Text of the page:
Background | Fierce Debate over Diaspora Activists' Statement
08 Dec 2011 18:10
[ background ] Last month, a group of 185 Iranians in the diaspora released a statement that called on the Islamic Republic to "temporarily and conditionally suspend its uranium enrichment" and immediately cease all "military aspects of [its] nuclear program," of which the Iranian regime has persistently denied there are any. The statement (which can be read here in the original Farsi or here in an English translation) followed the report issued by the International Atomic Energy Agency (IAEA) on November 8 that expressed "serious concerns regarding possible military dimensions to Iran's nuclear programme."
The statement -- whose intended "main audience is the Iranian people" in the homeland, one of its drafters, activist Ali Afshari, said in an interview with Tehran Bureau -- sparked passionate debate around the diaspora, especially passages that some readers understood to be hinting at a call for Western military intervention:
The destructive consequences of war and occupation require no explanation. But in our opinion, mere verbal and written condemnation of war and world military leaders and those who fan the flames domestically cannot prevent military aggression. [...]
A complete parting of ways of international society and the Iranian people's struggle for freedom...will encourage the world powers to choose the military option with the aim of eliminating nuclear and military institutions. [...]
[I]n the final analysis, the cause of the current international crisis is the system of the Islamic Republic in general and its extremist wing, which through its miscalculations will fan the flames of a probable war. To oppose war, one must target those in the government who create the crises.
On November 21, Al Jazeera published a fierce-toned commentary by Columbia University Professor Hamid Dabashi, in which he suggested that the statement (along with other public comments by members of the diaspora that have more explicitly advocated intervention) raised the question of when "does noble opposition to a tyrannical regime end, and treacherous collaboration with belligerent warmongering against one's own people begins." He perceived the statement as evidence of "the formation of a 'postmodern Fifth Column' that is now winking and elbowing to entice and encourage the US and Israel to invade Iran.... [W]hat they do and say is the Orwellian nightmare all over again: They issue a statement calling it 'against war', which in fact paves the way for war."
Six days later, Tehran Bureau published an opinion piece by columnist Muhammad Sahimi, a professor at the University of Southern California, that raised questions about the statement's accuracy, in particular its claims that the Islamic Republic has "deviated from the [Nuclear] Non-Proliferation Treaty" and is a "threat to world peace and stability," which he said "has no basis in reality."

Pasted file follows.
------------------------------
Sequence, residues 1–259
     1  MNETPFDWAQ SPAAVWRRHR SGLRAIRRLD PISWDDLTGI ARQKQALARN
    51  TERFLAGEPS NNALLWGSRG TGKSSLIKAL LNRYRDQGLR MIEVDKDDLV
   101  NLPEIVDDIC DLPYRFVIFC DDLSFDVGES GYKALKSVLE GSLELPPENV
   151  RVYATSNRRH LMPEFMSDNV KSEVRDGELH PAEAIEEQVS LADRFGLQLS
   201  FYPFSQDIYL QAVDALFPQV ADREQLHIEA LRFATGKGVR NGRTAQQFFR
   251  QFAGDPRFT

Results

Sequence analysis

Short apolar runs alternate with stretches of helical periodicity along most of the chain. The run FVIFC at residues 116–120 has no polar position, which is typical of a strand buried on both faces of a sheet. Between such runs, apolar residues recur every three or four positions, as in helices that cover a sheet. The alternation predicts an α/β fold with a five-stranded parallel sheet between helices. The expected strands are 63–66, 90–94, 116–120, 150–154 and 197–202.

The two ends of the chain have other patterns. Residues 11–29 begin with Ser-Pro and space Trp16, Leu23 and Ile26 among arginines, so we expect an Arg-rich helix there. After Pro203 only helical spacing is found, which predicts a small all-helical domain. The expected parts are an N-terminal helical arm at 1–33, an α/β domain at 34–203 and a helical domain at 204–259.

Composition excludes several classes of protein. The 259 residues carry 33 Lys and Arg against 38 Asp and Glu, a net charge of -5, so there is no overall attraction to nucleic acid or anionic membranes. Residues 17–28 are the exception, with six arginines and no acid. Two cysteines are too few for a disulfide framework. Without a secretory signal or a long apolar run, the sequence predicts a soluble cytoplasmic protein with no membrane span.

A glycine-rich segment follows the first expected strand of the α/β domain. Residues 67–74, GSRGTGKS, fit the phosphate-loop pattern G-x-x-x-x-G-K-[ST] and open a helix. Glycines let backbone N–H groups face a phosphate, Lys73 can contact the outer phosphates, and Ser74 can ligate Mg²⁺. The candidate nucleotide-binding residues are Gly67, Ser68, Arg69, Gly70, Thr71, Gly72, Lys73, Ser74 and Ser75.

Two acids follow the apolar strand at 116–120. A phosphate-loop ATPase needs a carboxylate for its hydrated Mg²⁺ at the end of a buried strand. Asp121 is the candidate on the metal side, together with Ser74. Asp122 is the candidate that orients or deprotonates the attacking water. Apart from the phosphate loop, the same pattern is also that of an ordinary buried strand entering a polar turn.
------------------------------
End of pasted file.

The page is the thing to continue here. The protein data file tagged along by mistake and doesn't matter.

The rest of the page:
Sahimi noted that the "original draft of the statement had a paragraph which stated that 'humanitarian intervention' can be justified under certain circumstances, which was removed from the version that was issued." He objected strongly to the notion, reporting an email he sent to one of the statement's primary authors in which he wrote, "What you call humanitarian is what people like me call military intervention."
Dabashi, who may also have had access to an early draft of the statement, attacked the concept throughout his piece, as in the following passage, which commences with vociferous irony:
There is no colonialism, no imperialism, no national sovereignty -- these are all fictions that "old lefties" have made up. [...]
To crown these pieces of rare jewellery, these postmodern Fifth Columnists celebrate the idea of "humanitarian intervention". No, they insist, this is not a military strike, nor is it imperialism. It is "humanitarian intervention" -- just as the US and NATO say it is, from which sources these good folks take their cues. The link between knowledge and power has scarce been more at a gunpoint.
A response from one of the statement's signatories, author Setareh Sabety, appeared on Tehran Bureau on November 30. While she named neither Dabashi or Sahimi, she referred to their respective commentaries (to which Tehran Bureau provided links) and wrote,
Now we even have some Iranian American academics...who want to lay claim to being the intelligentsia of the opposition and still remain fashionably leftist, lecturing us on how American or Western "humanitarian intervention" is not so humanitarian. As if we didn't know! As if we are as naïve as the students who sit in their 101 classes.
We know all about Western intervention and imperialism and we frankly prefer it to our own Islamist rulers. Call me what you want -- or worse, call me a neocon -- but I am expressing the pent-up anger of many Iranians who are fed up with the empty rhetoric of the fashionable left, which refuses to come up with a new grammar for the post-imperialist world and has no clue how to digest our post-Islamist embrace of the West. [...]
The utopian promises of the Islamists and the anti-imperialists have both left us jaded. No ideological posturing will satiate our need to breathe the fresh air of everyday liberty.
Responding to a Tehran Bureau request for a comment on the controversy over the statement, one of the group's leading voices, Assistant Professor Borghan Nezami Narajabad of Rice University, replied via email: